Rachel Pougnet (University of Bristol)
Helen Irving’s Allegiance, citizenship and the law is a fascinating inquiry into ‘allegiance’ as the counter-part of citizenship. Through an exploration of the history and modern usages of the concept, this book not only provides its readers with a much-needed clarification of what allegiance actually means, it also forcefully demonstrates allegiance’s inadequacy in a modern democratic context.
Irving explains that to talk about citizenship as allegiance is fundamentally incompatible with liberal democratic principles because it connotes a disposition of unreflective pre-commitment and obedience on the part of the individual to the state. But Irving does not stop at dismantling allegiance; she also works to characterise what, in fact, glues citizens together and with their state. Throughout the book, we are reminded that citizenship is foremost a formal legal status. But while it is formal, it is also not merely formal. It is the legal but also the existential difference between citizens’ and aliens’ territorial abode (the right to return and remain in one’s own country). And it is this territorial belonging that promises protection and self-government. In sum, the ‘glue’ of citizenship, Irving tells us, is shared territoriality from which arises a common interest in governing the state. Answering the ‘century old question’ of the citizenship bond is by no means an easy task and I am grateful to the author for exposing her views in such a clear and convincing manner, leaving us readers with much food for thought.
A ‘wolf in sheep’s clothing’: allegiance in the citizenship deprivation debates
Let me begin elaborating on these thoughts with a brief digression. Imagine it is October 2015, in France. Paris had recently been the theatre of a series of terrorist attacks. The city is about to witness another set of traumatic events which will propel a full-scale constitutional revision with proposals to introduce citizenship deprivation together with a state of emergency in the constitution. Perhaps setting the tone for the proposals that were to come, on 7 October, the Ministry of the Interior deprived 5 people of their citizenship. These five individuals had all been convicted of a terrorist offence in 2007; they were all multiple nationality holders and they had all acquired French citizenship after birth (two were born in France to foreign parents, one acquired citizenship as a child following the naturalisation of his father, and two had acquired citizenship by marriage). They all appealed the decision before the Conseil d’Etat arguing, amongst other issues, that their loss of citizenship constituted a disproportionate infringement of their right to private and family life (article 8 of the European Convention of Human Rights).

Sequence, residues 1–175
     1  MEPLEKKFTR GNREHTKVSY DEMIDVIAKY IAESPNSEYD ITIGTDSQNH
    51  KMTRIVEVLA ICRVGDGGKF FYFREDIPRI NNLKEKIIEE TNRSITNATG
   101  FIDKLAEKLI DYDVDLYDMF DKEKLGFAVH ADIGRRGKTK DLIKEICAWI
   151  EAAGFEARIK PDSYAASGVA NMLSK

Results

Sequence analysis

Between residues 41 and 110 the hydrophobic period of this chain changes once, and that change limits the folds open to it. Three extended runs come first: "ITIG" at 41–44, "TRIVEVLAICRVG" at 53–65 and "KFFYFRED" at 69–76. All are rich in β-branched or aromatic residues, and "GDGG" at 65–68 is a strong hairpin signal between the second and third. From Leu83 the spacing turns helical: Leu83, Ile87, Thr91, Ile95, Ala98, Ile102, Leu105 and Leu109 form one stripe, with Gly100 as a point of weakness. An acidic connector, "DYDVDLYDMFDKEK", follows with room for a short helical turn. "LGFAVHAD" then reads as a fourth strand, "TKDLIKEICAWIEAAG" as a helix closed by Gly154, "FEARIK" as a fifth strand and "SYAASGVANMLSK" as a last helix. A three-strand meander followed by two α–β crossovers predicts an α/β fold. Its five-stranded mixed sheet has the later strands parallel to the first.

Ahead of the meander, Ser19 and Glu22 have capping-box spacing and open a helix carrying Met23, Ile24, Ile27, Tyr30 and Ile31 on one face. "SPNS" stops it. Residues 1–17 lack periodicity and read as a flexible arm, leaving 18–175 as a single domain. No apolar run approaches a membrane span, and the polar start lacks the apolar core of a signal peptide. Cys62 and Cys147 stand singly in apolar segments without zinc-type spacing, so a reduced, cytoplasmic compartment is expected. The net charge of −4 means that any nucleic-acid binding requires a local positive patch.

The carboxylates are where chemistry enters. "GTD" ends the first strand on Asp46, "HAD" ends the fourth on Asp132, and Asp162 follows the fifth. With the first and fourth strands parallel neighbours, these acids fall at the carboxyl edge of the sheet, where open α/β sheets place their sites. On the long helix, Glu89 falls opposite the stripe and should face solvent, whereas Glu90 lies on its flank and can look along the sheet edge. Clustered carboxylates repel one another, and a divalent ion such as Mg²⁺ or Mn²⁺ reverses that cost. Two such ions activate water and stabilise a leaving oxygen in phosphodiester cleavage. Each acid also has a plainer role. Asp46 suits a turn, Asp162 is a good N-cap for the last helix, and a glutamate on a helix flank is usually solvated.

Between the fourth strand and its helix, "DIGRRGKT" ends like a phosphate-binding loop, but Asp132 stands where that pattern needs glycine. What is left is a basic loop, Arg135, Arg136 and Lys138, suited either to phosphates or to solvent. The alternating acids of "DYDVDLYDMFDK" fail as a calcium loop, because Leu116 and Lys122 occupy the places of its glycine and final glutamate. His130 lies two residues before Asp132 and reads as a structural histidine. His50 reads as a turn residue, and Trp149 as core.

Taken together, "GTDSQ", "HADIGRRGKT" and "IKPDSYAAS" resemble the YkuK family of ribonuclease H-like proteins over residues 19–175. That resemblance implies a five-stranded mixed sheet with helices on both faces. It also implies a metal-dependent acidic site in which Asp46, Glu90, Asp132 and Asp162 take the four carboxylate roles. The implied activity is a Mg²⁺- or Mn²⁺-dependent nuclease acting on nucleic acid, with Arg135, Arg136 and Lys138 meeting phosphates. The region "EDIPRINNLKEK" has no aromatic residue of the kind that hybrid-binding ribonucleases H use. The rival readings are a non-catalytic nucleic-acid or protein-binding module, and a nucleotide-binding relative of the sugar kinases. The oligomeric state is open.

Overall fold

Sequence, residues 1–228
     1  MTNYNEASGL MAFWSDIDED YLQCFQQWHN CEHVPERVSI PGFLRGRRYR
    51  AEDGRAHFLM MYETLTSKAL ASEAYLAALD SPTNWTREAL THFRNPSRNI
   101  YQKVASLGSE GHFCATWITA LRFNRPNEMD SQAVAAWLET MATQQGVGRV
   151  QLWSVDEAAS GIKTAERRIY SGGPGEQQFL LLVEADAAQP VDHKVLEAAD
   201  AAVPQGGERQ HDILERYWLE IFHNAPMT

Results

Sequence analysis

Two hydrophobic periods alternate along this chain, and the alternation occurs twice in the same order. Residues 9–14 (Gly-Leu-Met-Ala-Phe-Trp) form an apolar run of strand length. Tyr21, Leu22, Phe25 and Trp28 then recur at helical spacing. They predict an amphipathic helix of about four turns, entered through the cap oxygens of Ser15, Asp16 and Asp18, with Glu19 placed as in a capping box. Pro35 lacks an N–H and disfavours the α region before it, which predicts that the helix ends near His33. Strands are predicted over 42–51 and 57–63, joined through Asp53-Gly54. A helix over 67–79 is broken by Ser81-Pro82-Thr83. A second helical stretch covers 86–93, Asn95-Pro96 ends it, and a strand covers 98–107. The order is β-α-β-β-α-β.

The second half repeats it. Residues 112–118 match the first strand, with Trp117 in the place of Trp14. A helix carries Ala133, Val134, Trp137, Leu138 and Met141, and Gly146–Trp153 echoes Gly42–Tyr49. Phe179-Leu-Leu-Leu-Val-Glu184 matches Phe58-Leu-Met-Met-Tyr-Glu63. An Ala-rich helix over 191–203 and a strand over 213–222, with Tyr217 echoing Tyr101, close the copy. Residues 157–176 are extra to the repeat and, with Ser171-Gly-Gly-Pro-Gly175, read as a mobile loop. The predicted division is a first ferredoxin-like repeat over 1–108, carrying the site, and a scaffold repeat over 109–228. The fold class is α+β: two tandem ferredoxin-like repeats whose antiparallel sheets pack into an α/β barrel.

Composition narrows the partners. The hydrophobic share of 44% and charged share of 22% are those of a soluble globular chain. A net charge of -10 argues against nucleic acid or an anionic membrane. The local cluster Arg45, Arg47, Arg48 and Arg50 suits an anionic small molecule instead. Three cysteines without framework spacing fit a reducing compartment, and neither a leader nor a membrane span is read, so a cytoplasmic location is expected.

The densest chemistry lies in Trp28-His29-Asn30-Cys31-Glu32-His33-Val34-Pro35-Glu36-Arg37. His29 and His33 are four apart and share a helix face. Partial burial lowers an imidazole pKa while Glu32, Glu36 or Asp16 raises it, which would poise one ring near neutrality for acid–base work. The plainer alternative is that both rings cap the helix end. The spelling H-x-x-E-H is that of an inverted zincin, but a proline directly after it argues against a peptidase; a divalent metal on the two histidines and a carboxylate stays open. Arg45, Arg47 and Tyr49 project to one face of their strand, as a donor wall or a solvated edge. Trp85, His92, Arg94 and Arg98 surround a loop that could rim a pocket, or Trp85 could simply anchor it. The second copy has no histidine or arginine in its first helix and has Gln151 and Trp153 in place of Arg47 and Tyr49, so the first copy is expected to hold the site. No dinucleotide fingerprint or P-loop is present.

In this ‘M.A’ case, (later to become Ghoumid v France the Conseil d’Etat acknowledged that losing one’s citizenship affected one’s ‘social identity’, which is protected under the ‘private life’ limb of article 8. The pressing question for the court thus became how to measure, in law, the strength of this social identity, the importance of a person’s citizenship in their private life? In the eyes of the rapporteur- the person in charge of advising the court – the Conseil d’Etat had to look at the person’s mode of entry into the citizenry (naturalisation, registration, etc), the length of time since acquiring citizenship and the degree of their allegiance to French dominant values, or to put it more crudely their degree of ‘integration’. Applying these criteria to the facts of the case, he concluded that while three out of the five individuals in this case had a strong claim under article 8 (because they were born in France and/or had acquired citizenship as minors):
[…] the actions for which they have been convicted [terrorism] reveal [different] allegiances as well as the little role that their allegiance to France and its values played in the development of their personal identity.
In a nutshell: their integration had failed. France and its values had not played an important role in the development of their personal identity. But rather than France’s failure, the failure was interpreted as theirs and theirs alone: they had failed in their test of becoming good citizens by acting in ways that were considered to be fundamentally ‘un-French’.